Most men are not going to spend thirty minutes online reading reviews in order to find the perfect toddler storybook Bible.
Many men are not going to feel comfortable singing hymns with their kids.
Men are much more likely to teach as they work and play.
Is your husband talking to your son about spiritual things while they are running an errand to the hardware store? Is he discussing the pros and cons of life choices, and what the Bible has to say about them, as he jogs with your teenage daughter? Is he leading your family in prayer each evening before dinner?
If so, he is being a spiritual leader in your home.
Recognize this, and thank him for his faithfulness in teaching your kids God’s Word.
3. Examine your expectations
What are your expectations of a “spiritual leader”? What do you wish your husband would do? Are your expectations realistic?
For example, if you want him to come up with a 30 minute devotional each night after a long day at work, your expectations may be a bit too high. Put yourself in his shoes, and examine your expectations.
4. Talk About It
Many times, our husbands don’t know what we are asking them to do when we ask them to “lead” in family devotions. And, when they don’t know what we want of them, they have a tendency to shut down.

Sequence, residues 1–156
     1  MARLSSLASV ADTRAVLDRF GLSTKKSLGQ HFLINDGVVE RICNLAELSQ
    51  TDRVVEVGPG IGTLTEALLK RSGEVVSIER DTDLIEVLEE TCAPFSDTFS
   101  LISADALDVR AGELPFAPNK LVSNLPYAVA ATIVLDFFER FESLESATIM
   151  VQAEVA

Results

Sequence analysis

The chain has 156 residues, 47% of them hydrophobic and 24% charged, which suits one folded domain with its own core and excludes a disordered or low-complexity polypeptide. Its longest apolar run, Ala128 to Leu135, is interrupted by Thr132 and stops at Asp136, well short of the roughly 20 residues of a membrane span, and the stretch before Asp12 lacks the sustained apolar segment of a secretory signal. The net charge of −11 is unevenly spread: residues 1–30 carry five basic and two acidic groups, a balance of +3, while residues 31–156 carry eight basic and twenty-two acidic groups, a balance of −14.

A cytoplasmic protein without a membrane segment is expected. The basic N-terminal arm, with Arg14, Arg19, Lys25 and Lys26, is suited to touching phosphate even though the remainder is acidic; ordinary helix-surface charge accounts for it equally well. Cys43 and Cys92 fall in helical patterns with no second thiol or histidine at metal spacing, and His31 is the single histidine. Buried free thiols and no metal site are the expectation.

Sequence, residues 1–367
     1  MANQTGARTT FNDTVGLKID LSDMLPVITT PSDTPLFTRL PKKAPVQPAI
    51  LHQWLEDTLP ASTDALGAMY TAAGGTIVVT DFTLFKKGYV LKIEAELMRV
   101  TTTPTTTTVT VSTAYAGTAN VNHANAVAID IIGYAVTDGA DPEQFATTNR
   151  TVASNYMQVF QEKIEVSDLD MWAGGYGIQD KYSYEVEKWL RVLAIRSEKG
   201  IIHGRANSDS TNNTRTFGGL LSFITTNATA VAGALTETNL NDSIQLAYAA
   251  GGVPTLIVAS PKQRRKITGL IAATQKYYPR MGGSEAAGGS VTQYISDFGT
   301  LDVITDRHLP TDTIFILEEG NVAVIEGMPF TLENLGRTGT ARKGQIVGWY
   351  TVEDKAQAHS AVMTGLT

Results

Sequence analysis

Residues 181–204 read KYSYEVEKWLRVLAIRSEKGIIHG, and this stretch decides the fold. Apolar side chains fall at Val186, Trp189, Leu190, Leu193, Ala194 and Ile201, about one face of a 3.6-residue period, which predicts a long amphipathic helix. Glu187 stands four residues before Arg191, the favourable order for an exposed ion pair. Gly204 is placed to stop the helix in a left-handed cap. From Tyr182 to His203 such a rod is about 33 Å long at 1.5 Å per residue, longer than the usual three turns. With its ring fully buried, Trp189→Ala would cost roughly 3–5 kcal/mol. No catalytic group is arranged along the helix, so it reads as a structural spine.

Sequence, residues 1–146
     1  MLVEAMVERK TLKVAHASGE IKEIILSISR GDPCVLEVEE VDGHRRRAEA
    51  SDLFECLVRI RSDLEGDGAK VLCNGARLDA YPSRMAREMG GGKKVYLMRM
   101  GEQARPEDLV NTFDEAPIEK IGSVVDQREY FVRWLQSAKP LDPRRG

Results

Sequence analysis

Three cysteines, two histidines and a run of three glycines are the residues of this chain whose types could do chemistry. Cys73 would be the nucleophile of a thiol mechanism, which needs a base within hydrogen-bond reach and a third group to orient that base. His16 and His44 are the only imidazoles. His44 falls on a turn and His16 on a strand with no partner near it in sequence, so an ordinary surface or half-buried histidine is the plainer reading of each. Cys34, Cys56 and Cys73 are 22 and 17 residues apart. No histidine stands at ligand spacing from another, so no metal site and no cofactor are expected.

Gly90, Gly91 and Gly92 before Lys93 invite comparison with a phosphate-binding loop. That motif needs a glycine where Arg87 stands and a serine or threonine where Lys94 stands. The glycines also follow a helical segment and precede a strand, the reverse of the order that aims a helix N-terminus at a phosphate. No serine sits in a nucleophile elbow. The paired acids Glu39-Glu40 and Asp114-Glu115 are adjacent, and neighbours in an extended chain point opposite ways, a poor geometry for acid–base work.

After you have defined your own expectations, bring them to your husband in a submissive and gentle way. Ask him if he would be interested in leading your family in devotions and explain to him exactly what you think that might look like.
Ask him if that format or time is good for him – and be willing to change if it is not. Ask him if he would like you to find a devotional, and what his criteria for a good devotional is. Ask him if he would like you to choose a Bible passage each day so that he doesn’t have to do that in the evening.
Be willing to help him in any way that you can.
Recognize that, as you approach your husband with this request, he may already be feeling convicted about family devotions. And, if he is, he may hear your request as a verbalization of his failure in this area and may immediately go on the defensive.
Be extremely sensitive and careful to approach him in a way that does not make him feel like a failure.
5. Let it Go
If your husband is completely uninterested in family devotions, let it go.
I know that this is difficult! I know that you feel that you are on the spiritual high ground here and that you need to press this issue for the good of your family.
But, if you have gently approached your husband about this, if he knows that this is important to you, and yet he does not want to be involved in any way, let it go.